Jake Cobley

Front-End Web Developer

Saving Time with Gulp

I recently presented my talk ‘Saving Time with Gulp’ at Staffs Web Meetup, where I spoke about the benefits of introducing Gulp to front-end workflows.

Below is my write up of the talk.

What’s the problem?

The amount of content an average person consumes on a daily basis continues to increase. Much faster than the technology serving that same content. People expect the web to be fast. According to surveys done by Akamai and Gomez, nearly half of the web users expect a webpage to load in under a couple of seconds.

There’s steps we can take to optimise our websites load performance, minify the styles, scripts and compress the images but who has time to do all that manually?

What are task runners?

Task runners, put simply, run tasks. Task runners or build systems allow you to automate repetitive tasks (such as asset compilation, file concatenation and image compression). Automating these tasks saves you time and allows you to use preprocessors such as Sass and Less.

But which one?

There are plenty of task runners/build systems out there. There’s Grunt & Gulp which are the two most popular, but there’s also Brunch, Broccoli and plenty more. You could even just use npm scripts.

The important point is it doesn’t matter which one you use as long as it works for you.

Personally I use Gulp. It’s based on JavaScript which I’m already familiar with. This made it easier to get started with, it’s very popular and there’re tons of tutorials and documentation.

Overengineering

Task runners are great, but they can also be a little unnecessary at times.

Take this website as an example (putting aside the time I spent picking colours and deciding how I could remove as much style as possible), it was a quick build with very little coding. The entire site is only a few kb’s so it doesn’t really need its assets and styles minifying.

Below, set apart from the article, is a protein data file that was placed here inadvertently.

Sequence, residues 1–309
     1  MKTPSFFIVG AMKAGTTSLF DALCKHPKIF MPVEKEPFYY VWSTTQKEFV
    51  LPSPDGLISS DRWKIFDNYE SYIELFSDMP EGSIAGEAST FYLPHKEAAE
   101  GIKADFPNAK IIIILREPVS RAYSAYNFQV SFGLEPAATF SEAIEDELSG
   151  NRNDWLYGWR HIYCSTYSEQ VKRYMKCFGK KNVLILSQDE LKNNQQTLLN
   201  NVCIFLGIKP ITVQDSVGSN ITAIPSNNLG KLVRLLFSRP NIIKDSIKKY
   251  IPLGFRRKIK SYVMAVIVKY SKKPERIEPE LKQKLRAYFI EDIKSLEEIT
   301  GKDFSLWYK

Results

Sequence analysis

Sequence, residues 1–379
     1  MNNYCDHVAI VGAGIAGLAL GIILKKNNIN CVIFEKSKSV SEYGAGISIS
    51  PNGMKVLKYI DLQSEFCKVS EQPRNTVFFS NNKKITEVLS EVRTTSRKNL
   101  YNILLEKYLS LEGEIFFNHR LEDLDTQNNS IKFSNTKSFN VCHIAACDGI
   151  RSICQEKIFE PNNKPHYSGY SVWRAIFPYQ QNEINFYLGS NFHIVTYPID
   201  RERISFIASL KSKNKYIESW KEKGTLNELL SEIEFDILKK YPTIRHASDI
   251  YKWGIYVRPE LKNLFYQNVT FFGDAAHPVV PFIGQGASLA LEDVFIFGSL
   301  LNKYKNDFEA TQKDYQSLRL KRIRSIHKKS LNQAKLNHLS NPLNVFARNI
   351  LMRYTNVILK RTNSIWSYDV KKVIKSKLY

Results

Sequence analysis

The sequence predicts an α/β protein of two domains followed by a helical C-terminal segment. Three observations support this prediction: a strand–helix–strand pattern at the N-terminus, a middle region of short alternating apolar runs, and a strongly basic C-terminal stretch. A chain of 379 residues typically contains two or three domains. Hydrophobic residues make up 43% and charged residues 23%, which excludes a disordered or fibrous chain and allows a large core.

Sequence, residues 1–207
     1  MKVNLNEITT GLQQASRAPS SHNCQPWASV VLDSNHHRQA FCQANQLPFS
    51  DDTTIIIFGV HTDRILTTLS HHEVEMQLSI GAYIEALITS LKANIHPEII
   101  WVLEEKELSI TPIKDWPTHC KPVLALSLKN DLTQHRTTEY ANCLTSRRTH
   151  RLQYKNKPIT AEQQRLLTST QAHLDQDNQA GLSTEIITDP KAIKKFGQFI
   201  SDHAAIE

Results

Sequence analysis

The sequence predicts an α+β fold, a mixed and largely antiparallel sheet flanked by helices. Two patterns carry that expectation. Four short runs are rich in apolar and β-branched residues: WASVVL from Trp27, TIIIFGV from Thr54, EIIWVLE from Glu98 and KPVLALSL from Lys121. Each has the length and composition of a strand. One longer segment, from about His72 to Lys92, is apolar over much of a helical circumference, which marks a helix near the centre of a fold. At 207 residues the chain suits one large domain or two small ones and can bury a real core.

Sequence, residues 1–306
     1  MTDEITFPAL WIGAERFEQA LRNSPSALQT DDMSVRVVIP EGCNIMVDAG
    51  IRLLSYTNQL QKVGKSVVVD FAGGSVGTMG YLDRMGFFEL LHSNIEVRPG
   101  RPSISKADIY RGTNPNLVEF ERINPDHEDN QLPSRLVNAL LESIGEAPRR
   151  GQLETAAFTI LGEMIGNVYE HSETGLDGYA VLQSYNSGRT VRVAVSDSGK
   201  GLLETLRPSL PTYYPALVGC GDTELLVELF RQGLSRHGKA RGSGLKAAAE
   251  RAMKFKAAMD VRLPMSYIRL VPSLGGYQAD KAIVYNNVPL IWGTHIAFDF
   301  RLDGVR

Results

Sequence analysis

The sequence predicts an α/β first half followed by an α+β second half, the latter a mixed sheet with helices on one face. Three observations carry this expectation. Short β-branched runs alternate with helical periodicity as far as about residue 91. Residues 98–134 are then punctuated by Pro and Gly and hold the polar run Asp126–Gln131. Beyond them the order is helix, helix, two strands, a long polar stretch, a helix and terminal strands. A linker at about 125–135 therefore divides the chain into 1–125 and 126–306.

However, I still decided to write a Gulp script for it. This actually took longer than building the entire site! If this was a site I had built for a client then I’d have a hard time justifying the additional time it added for something it didn’t really need.

Where do we start?

Start small. You don’t have to overwhelm yourself by trying to do everything while learning something new. Start small and work your way up. I started by just compiling Sass to CSS. Just the one task. Then started building on it task by task.

What I use gulp for now

You can do a lot with Gulp and other task runners. I mainly work on the front-end of WordPress projects so I built a common, reusable Gulp file. I don’t have to write one for each new project.

Some common tasks my Gulp file handles:

  • Compiling Sass to CSS as well as auto-prefixing, minifying and combining media queries.
  • Compressing images.
  • Combining SVG’s into a single sprite file.
  • Minifying and concatenating JavaScript files.
  • Auto reloading/injecting styles into the browser using browser-sync.

Gulp and other task runners are great tools to save you time on repetitive tasks. The time you spend learning how to use them you will get back very quickly.

I’m going to write a follow up post which will explain how to get started with Gulp including comprehensive code examples. Be sure not to miss it!